Mr Asbjørn Børsting has been elected as FEFAC’s new president, for the term 2020 – 2023. All About Feed caught up with him to talk about his new position and the impact of Covid-19 on the EU feed industry.
PROFILE Asbjørn Børsting
Asbjørn Børsting, a graduate of the University of Copenhagen (Agricultural Economics), served as CEO of The Agricultural Council & DLG. He is currently director of DAKOFO, the Danish Grain and Feed Association and and also chair of the Danish Bio-Economy Panel.
Børsting has been engaged in the Agri-food sector for four decades at many levels, covering both commercial activities as former CEO of the Grain and Feed company DLG – and through his work with both national and EU agricultural policy making as CEO in the Danish Agricultural Council. For the last 6 years he has been director of the Danish Grain & Feed trade association – DAKOFO. He also currently chairs the Danish Bioeconomy Panel.
FEFAC must work on increasing European protein production.”
FEFAC established its animal feed industry vision 2030 a few years ago. It’s still valid of course and I fully support it. The launch of the FEFAC feed sustainability charter 2030 will help us implement the vision and ensure that it’s effectively kept alive all the way up to 2030. My term will clearly be dominated by policy discussions in the context of the “farm to fork” strategy and the ambition to develop more sustainable food systems. The European protein plan will probably get a more central role as part of the ongoing CAP reforms. FEFAC must work with recommendations on relevant measures to increase Europe’s protein production. This can be done by measuring how to make protein crops relatively more competitive at the farm level and by giving a higher priority to national and European – research initiatives on plant breeding and processing of raw materials into competitive feed. We also have to maintain a strong focus, in this development, on securing the European feed sector’s position in order to maintain its competitiveness internationally. Much of our livestock sector in Europe must be competitive in international export markets. I also hope that FEFAC can deliver solutions on facilitating deforestation-free soy supply chains fairly soon. The updating of the FEFAC soy sourcing guidelines is in full swing, and we sense that there is a lot of anticipation that the impact of these updated guidelines will be as big as when the first version was released back in 2015. It is a key FEFAC objective to be ready before the EU legislative proposals designed to achieve deforestation-free supply chains are published.
What impact is the pandemic having on the global animal feed sector and how are they dealing with it.
Since the establishment of the EU “green lanes” agreement, we’ve been able to avoid severe supply chain disruptions. For imports there were also challenges but, together with our supply chain partners, we’ve able to ensure that supplies to livestock farmers weren’t disrupted. I expect that the influence on the European feed industry in the coming years will mostly be defined by effects in the downstream market. We know that consumption patterns related to animal products have changed, particularly due to closures in the hotel, restaurant and catering sector in many countries; this has an influence on feed production, particularly in the poultry sector.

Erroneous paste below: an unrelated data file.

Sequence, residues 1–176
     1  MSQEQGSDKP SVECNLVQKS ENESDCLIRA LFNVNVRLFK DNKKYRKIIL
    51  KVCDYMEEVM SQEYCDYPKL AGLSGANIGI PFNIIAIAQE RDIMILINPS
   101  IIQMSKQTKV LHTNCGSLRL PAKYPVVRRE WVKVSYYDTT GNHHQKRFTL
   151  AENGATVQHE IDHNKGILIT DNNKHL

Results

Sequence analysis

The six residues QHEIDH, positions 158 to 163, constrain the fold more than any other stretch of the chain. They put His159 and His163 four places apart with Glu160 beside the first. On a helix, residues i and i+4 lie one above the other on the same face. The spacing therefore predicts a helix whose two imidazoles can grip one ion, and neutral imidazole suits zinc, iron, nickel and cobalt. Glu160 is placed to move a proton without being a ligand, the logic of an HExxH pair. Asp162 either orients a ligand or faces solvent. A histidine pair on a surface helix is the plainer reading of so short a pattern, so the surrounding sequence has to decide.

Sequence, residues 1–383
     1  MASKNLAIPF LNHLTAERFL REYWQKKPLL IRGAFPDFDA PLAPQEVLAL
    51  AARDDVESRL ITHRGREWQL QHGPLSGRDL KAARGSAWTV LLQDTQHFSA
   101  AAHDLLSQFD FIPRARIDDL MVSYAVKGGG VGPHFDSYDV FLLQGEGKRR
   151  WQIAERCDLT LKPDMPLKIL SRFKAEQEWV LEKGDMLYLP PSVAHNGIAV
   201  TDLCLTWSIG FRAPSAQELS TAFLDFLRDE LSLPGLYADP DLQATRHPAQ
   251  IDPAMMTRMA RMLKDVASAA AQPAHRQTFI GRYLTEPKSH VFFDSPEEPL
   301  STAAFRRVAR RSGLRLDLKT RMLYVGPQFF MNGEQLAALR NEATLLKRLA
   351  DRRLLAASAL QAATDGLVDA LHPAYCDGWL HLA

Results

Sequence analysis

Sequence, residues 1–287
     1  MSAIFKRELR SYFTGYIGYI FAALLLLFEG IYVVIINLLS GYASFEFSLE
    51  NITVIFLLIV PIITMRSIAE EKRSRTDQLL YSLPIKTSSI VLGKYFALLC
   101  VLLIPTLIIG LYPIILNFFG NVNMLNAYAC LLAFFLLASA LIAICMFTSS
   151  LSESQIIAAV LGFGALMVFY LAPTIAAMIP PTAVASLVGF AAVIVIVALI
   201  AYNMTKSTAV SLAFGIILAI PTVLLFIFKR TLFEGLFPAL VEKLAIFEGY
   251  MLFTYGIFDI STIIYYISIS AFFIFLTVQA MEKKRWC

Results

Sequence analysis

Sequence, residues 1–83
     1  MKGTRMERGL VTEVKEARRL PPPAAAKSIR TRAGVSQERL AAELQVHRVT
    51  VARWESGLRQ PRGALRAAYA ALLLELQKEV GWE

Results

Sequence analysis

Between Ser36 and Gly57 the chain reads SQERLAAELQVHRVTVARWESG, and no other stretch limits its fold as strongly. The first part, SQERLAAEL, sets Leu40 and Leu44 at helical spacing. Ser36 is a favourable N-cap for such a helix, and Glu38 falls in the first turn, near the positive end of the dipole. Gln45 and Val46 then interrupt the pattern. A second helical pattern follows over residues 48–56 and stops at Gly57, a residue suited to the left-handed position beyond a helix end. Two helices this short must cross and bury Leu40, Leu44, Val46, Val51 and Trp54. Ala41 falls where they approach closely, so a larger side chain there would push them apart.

I hope that people realise that luckily we’ve able to count on those raw material imports. In the current political debate people often like to criticise the fact that we import raw agricultural materials, but we would have had serious food security issues in Europe if imports were cut off. Together with FEFAC’s agricultural supply chain partner organizations, FEDIOL and COCERAL, I would like to highlight the important role that trade plays in ensuring that the European livestock farming sector can thrive and provide consumers with safe, sustainable and affordable foodstuffs of animal origin. Nevertheless we are aware of the political desire for a “green recovery”. I am conscious of the environmental impacts that the livestock sector has and the feed industry is committed to contributing to innovative solutions. I aim to keep FEFAC proactive as regards further developing the PEFCR (impact study of feed for food-producing animals) and facilitate its use by the feed sector. Linked to that are the efforts to launch the GFLI international LCA database for feed ingredients. Together, these tools are crucial assets in managing our contribution to reducing the livestock sector’s climate footprint.
The past months has laid bare our strengths and weaknesses and we can learn from both.”
As stated in our “farm to fork” strategy, the discussion on establishing sustainable food systems will keep us busy for the coming years, and even after 2023. A particular challenge is the position of livestock farming in society and the consumption of animal products.
The organisations that have been advocating a reduction of both of those things will only become more vocal. The communication challenge will now be taken to the policy arena.
FEFAC is engaging with its livestock sector partners in the European “livestock voice” to tackle unfounded criticism. I strongly believe that there are no sustainable food systems without animal agriculture.
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For the main part, we will stick to our original plan, with a strong focus on sustainability. A key part is the launch of the FEFAC Feed Sustainability Charter 2030, which will provide a way for FEFAC members to make their sustainability commitments for the years ahead. We will also run a workshop on lessons to be learned from the COVID-19 crisis.
The past months has laid bare our strengths and weaknesses and we can learn from both.